One of the Illawarra’s longest running shows hosted by one of the oldest agricultural show societies in the country is returning for its 176th year, with the annual highlight set to attract foodies, pet lovers, brewers and thrill seekers and those with strong ties to the region’s agricultural roots.
Just two decades after the town was proclaimed and before it even became a municipality, the Kiama Agricultural and Horticultural Society started a tradition by hosting the inaugural show, which soon became a staple for the seaside community.
Over the years, the show has meant many things to many people – a chance to exhibit their stock or have a go on the rides. Sixty years ago a new component started a tradition which has provided the opportunity for ambitious young women to step out of their comfort zone and take on leadership roles.
Kiama’s first showgirl competition, Miss Kiama Show Girl Quest, was held in 1963 in conjunction with the Royal Agricultural Society, with a final held at the Sydney Royal Easter Show – the first prize being a trip around the world.
Back then participants were judged on their charm and beauty, personality, general appearance and general knowledge and 25 entrants competed in its initial year.
But the attraction didn’t always remain that strong.
There were no Kiama Showgirl competitions between 1965 and 1970, but in 1971 it was revived and although now it is a central part of the show, there were many years it was unable to run or failed to attract any participants.
Alison Burgess grew up attending and enjoying the show but had never been heavily involved. In 1991 when she returned home from studying in Sydney for the summer break, she decided to enter the showgirl competition on a whim.
“I was at uni and was not a super confident public speaker or anything and saw it advertised and just thought it would be great to do,” she said.
“I don’t know if a lot more thought went into it other than thinking it would be a great experience, and might be something good to have on my resume.”
The decision not only led to her connecting with her community but gave her greater confidence and life skills.
And her experience was not anything like what some people perceived it to be.
“It certainly did not feel like it; it was not a beauty pageant but I think people kind of felt it might have been,” Alison said.
“It was more about the public speaking, your knowledge of the show, your knowledge of the local area, your friendliness and if you were outgoing.”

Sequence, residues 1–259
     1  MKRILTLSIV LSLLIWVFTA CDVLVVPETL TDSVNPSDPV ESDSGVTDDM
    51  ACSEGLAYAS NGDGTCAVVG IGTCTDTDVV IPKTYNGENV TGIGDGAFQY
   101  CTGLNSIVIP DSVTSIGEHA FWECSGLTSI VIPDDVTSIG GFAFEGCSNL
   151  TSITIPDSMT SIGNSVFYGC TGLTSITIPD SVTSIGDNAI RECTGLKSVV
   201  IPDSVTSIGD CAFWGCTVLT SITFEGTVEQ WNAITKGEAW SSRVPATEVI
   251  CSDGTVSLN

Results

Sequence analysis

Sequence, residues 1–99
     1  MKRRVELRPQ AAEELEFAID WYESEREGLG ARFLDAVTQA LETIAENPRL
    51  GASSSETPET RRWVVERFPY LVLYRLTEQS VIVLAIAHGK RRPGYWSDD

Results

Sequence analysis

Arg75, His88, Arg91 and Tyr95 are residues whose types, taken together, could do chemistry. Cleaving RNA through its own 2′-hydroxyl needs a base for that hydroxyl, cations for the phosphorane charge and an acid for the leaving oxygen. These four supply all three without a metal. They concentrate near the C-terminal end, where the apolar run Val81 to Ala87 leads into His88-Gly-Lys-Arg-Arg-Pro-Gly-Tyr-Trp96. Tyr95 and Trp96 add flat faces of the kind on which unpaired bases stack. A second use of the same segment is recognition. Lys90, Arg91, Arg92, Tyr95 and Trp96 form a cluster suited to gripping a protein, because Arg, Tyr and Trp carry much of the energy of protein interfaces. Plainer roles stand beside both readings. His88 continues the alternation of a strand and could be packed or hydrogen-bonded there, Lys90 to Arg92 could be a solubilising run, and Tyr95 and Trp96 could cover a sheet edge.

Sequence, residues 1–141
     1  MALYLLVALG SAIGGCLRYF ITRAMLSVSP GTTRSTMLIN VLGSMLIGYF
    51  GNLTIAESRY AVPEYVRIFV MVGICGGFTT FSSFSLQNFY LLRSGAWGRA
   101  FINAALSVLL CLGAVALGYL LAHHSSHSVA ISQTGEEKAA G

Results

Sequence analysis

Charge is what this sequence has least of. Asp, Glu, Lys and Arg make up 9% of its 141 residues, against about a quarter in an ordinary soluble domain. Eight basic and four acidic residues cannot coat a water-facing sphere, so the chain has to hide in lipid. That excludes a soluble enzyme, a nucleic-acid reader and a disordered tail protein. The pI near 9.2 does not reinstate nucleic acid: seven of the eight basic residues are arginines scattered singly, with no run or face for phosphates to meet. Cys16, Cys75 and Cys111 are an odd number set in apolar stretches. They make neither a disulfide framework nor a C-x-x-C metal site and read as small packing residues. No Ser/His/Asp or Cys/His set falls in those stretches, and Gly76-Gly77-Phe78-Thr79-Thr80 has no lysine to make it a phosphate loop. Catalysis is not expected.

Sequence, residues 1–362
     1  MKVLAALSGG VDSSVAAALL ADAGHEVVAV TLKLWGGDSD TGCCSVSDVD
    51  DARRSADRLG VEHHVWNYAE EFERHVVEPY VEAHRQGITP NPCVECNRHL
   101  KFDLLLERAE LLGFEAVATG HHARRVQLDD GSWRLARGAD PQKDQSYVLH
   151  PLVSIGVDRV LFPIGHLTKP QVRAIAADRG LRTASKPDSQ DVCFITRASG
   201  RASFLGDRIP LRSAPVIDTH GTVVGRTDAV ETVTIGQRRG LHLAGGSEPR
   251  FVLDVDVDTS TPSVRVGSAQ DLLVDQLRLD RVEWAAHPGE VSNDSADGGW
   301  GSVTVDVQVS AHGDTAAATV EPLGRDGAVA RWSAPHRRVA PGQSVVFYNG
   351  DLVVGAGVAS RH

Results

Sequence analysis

The show has continued to grow and change to meet the community’s needs and expectations, as has the showgirl competition.
Sarah Young has been part of the show her entire life, entering exhibits, assisting at the entry gates, selling raffle tickets and helping pack up and pack down, so when she became the face of the show in 2019 it shouldn’t have been a surprise.
“For me it was something that I always wanted to do because I grew up in the show,” Sarah said. “My family was always very involved and it was something that I’d always watched other girls do and wanted to be a part of it once I was old enough.
“At the time I was really passionate about being part of my community in all the ways I possibly could and I also wanted to learn both public speaking and interviewing skills as well because I was in that transition period between uni and full-time work.”
And the competition took Sarah beyond the small town when she was selected as one of 14 participants from country shows across the state to be part of the Sydney Royal Easter Show.
Now entrants are judged on personality, confidence, ambitions, general knowledge, rural knowledge, personal presentation, volunteer and community presentation and an on-stage interview.
“The most I got out of it was interviewing experience and being confident in answering questions both about myself and my community,” Sarah said. “But also I learned how to talk about my achievements in a way that didn’t make me sound boastful which I found really helpful.”
And in 2022 the competition underwent a statewide name change to better reflect the spirit of the program, becoming the ‘Young Woman Competition’.
“I’ve definitely felt like there were misconceptions,” Sarah said. “When I’d mention the word ‘showgirl’ people would automatically assume beauty pageant or walking down the catwalk in your bikini or something like that.
“I think with the name change hopefully people start to understand that it’s completely the opposite of that.”
The Young Woman Competition is open to any local woman aged between 18 and 25, with a junior competition run for those 13 to 17 years old.
The show runs Friday 26 January and Saturday 27 January 2024 from 9 am.
To find out more visit the Kiama Show website.